After two years as an apprentice at 65th Street Tattoo in Seattle, Aaron Bell was surprisingly left a studio for next to nothing. He renamed it Slave to the Needle and 15 years later it’s still at the same address in a neighbourhood that’s gone from bad to good.
After a decade of tattooing out of his house in Anaheim, California, Aaron Bell got a chance to tattoo for real, at 65th Street Tattoo in Seattle, Washington, and he took it. In 1993 he moved north to ‘clean up his act’, as he puts it himself. Unfortunately he ended up working in what then was one of the worst neighbourhoods in Seattle.
“When I first got there we were always strapped and it was consistent with the lifestyle I grew up with. Every time a bike drove by, the owner would grab his shot gun and stand in the doorway to see who it was. There were people selling crack outside the bars and we had a couple of drive-bys. Since we also had the AA there, we used to joke about this being the only place where you could get drunk, shoot someone and then turn yourself around. But I put up with it because I got a chance to tattoo.”
Just two years later Aaron took over the shop.
“My boss got transferred to a different chapter of his bike club, so he sold it to me for next to nothing, and I changed the name to Slave to the Needle.”
Today everything’s different. The studio is still in the same spot, but around the same time that Aaron took over the shop, the area was in transition. That transformation is now complete and instead the area is considered trendy.
“The yuppies started moving in, which isn’t necessarily a good thing. The clientele used to be really seedy but it was also a lot of fun. I’ve got to admit that. The bars became microbreweries and the shop 65th Street Guns is now an espresso stand. Business couldn’t be better, but again, it’s not quite as fun.”
And in a way, Aaron considers himself lucky to have experienced all this, because in the process he’s learned some valuable lessons.
“The guy who taught me had learned how to tattoo in San Quentin and the way I was exposed to it, I learned some important work ethics a lot of people don’t know about. For instance, you don’t automatically tattoo what people want because they might not know what it means.”
Aaron Bell started tattooing out of his house in Anaheim in 1984, where he grew up in the punk rock scene. For 15 years he played rhythm guitar in bands like Convicted and Blind Hatred and he came close to releasing an album, but after a while tattooing took over.
“We actually recorded an album, but it was never released. Then my wife got pregnant and I bought the shop, so I had to choose my creative outlet.”
In the end, Aaron never got to tour with a band, however, in tattooing he found something he was looking for as a band member.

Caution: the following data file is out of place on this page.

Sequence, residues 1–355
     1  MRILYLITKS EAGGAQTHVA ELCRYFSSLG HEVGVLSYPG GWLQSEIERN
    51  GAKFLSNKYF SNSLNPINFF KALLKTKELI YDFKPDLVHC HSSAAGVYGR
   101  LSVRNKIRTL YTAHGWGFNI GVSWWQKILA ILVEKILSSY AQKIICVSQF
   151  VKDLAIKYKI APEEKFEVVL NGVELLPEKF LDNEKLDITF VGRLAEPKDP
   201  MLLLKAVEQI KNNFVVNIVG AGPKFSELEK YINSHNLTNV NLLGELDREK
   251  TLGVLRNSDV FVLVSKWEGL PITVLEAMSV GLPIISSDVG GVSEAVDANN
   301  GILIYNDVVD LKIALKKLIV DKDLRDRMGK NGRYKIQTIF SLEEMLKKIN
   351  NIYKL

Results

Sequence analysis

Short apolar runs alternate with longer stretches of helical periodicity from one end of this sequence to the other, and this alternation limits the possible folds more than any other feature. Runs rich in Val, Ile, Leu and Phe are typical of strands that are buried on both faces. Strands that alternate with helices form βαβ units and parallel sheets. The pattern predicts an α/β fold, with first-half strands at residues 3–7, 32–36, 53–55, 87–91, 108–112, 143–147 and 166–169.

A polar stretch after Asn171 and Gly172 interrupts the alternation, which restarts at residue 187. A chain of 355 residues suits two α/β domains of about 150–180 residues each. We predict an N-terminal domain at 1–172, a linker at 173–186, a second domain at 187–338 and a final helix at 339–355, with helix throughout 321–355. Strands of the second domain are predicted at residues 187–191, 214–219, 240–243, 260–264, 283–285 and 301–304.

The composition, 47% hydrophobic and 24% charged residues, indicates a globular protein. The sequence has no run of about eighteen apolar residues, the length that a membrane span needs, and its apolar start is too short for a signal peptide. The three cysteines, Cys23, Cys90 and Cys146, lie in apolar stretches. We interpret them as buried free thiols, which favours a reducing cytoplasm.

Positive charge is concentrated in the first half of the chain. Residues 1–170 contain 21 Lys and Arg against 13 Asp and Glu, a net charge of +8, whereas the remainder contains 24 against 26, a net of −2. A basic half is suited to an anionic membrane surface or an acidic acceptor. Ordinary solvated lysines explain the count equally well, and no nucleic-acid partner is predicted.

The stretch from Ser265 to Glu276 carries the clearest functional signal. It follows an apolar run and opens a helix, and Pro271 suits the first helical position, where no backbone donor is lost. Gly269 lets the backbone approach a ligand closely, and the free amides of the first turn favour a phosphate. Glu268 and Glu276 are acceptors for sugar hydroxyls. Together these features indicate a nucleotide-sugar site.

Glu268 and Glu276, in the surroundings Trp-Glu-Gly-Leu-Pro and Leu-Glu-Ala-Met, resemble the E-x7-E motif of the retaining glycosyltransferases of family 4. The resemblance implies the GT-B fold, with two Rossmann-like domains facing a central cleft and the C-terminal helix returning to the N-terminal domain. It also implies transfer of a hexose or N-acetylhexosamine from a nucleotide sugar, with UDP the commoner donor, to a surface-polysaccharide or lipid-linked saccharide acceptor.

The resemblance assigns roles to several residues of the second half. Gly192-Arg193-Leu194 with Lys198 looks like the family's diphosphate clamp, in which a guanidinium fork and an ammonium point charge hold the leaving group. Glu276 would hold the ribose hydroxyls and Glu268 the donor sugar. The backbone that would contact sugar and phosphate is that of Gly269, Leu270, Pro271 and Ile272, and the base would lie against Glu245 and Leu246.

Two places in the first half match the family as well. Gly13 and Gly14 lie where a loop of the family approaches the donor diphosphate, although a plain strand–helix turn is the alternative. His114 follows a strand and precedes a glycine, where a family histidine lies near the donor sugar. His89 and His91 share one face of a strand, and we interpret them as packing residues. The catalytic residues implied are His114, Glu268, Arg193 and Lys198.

“I got to go to conventions and there are people who come from far away just to get tattooed by me and see my art, so I get that same appreciation I wanted being in a band.”
Besides tattooing and playing punk rock he also had some loose jobs on the way, and one of them actually brought him to Seattle.
“I did some screen printing out of my garage, so I was designing and printing some t-shirts for the owner of the studio in Seattle.”
When Aaron first started off, his style of tattooing came from the punk rock scene. In other words, he did a lot of skulls. After having moved to Seattle, the bike world came in as an influence. When he bought the shop he was suddenly left on his own to explore his own style.
“I had no teacher anymore and new school was coming out so I jumped on that. I did a lot of atrocious stuff while experimenting, although staying in one place allowed me to follow up my work. Around 2000 I found myself more drawn to the oriental style, and that’s mainly what I do today. I like to work in large scale and I like the fact that it has hundreds of years of history.”
Ten years after having purchased the first shop Aaron got the opportunity to buy a second one in Seattle, and so he did.
“We used to turn people away at the door and refer them to other shops, so I thought why not just refer them to ourselves instead?”
Suddenly he was a work leader governing two Seattle shops featuring 15 artists:
“When I bought the shop I had only been tattooing for real for a couple of years and coming out of the hardcore scene it was a complex situation. There we solved stuff by fighting, but now we had to work things out. In the beginning I held in a lot. There was a lot of anxiety. But now I know that communication is important.”
Aaron has also learned a screening process when it comes to hiring artists for his studios.
“I used to hire them only based on their work. I wouldn’t check references. There are a lot of prima donnas out there and if they don’t leave the last place with a blessing, there’s a big chance they will recreate their past. Nowadays we have people doing guest spots first to make sure it works for both sides.”
Slave to the Needle
508 W 65th Street
+1 206 789 2618